The apparatus comprises at least one calibration element. A calibration element refers in this case to an element having previously known geometric dimensions. The calibration element is preferably related to a legal primary standard, i.e. calibrated against a standard.
The calibration element has a plurality of surface sections, where mutually abutting surface sections form an edge. At the transition of mutually abutting surface sections, a jump-type change of a normal vector occurs at the edge, wherein the normal vector is oriented orthogonally to the respective surface section. A ball-type calibration element, in particular, thus has no edges.
The calibration element preferably comprises a plurality of planar, in particular only planar, surface sections. These surface sections can form, for example, lateral faces of the calibration element.
According to the invention, the apparatus comprises at least one retaining apparatus, wherein the calibration element is arranged on a surface section of the retaining apparatus. The calibration element is arranged in particular on a planar surface section of the retaining apparatus. It is thus possible for a planar surface section of the calibration element to be arranged on a planar surface section of the retaining apparatus. The calibration element and the retaining apparatus can here be mechanically connected in releasable or non-releasable fashion. The calibration element and the retaining apparatus can be adhesively bonded, for example. However, other mechanical connection methods are of course also conceivable.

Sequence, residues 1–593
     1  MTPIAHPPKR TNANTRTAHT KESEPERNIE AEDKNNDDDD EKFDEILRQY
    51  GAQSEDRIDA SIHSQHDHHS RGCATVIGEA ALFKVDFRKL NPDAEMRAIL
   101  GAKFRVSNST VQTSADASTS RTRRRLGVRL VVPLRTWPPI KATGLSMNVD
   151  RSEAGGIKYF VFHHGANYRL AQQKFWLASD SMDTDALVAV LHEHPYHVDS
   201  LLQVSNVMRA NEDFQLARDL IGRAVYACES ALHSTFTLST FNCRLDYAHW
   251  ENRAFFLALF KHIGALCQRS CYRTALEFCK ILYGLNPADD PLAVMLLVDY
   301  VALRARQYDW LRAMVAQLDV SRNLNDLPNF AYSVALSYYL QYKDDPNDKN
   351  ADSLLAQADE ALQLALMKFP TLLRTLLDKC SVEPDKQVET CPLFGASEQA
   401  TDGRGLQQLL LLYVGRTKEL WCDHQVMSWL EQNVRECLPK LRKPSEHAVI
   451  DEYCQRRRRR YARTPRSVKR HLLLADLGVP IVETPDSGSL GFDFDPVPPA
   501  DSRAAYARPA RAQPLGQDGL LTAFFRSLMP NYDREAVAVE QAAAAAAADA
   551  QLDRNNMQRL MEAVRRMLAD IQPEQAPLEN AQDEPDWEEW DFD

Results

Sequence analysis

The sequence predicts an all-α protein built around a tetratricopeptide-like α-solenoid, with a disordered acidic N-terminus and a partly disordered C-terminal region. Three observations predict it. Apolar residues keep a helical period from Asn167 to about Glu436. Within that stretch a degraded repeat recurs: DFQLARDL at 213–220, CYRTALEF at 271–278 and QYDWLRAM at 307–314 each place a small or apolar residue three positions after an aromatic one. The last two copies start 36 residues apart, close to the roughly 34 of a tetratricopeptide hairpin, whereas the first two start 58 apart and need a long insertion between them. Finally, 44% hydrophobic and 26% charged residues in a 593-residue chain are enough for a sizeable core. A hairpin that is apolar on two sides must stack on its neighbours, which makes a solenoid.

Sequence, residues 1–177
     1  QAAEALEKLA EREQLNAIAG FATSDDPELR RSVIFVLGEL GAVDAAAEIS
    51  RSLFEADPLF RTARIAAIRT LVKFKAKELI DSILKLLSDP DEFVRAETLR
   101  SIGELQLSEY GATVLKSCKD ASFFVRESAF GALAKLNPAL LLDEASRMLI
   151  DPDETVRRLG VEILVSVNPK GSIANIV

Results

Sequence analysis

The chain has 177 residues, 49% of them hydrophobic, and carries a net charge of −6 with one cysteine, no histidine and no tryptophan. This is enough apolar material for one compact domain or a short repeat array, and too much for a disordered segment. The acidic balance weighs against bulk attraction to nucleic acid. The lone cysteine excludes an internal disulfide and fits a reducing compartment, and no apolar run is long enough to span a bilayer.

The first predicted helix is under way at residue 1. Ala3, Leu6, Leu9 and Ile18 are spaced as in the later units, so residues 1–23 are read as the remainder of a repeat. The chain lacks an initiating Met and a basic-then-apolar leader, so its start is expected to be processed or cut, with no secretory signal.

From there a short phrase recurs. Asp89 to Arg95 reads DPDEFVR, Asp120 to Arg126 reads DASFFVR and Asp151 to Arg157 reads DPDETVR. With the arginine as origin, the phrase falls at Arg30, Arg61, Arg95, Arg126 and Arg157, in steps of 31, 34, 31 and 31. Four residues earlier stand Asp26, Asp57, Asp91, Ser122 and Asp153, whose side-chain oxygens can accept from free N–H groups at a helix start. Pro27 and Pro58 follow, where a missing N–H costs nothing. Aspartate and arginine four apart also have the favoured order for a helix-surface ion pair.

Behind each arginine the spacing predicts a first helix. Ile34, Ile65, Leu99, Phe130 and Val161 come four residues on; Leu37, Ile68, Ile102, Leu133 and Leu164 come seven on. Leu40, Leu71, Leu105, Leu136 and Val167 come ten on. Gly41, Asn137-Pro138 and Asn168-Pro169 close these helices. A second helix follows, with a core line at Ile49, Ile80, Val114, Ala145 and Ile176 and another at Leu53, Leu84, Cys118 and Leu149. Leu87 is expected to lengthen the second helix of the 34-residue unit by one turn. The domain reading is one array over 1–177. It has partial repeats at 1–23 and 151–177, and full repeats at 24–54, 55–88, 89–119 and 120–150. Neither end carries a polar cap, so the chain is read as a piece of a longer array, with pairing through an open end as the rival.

The surface sections of the calibration element are furthermore arranged with respect to one another such that the calibration element has at least one edge which does not overlay with any other edge of the calibration element when the edges of the calibration element are projected into a common projection plane. The projection plane is here also oriented orthogonally to a normal vector of the surface section of the retaining apparatus. If the surface section of the retaining apparatus on which the calibration element is arranged is a planar surface section, the normal vector is a normal vector of said planar surface section. However, if the surface section of the retaining apparatus on which the calibration element is arranged, for example, a curved surface section, the normal vector can be a normal vector of a tangential plane at a point or a straight line at which the calibration element is connected to the retaining apparatus.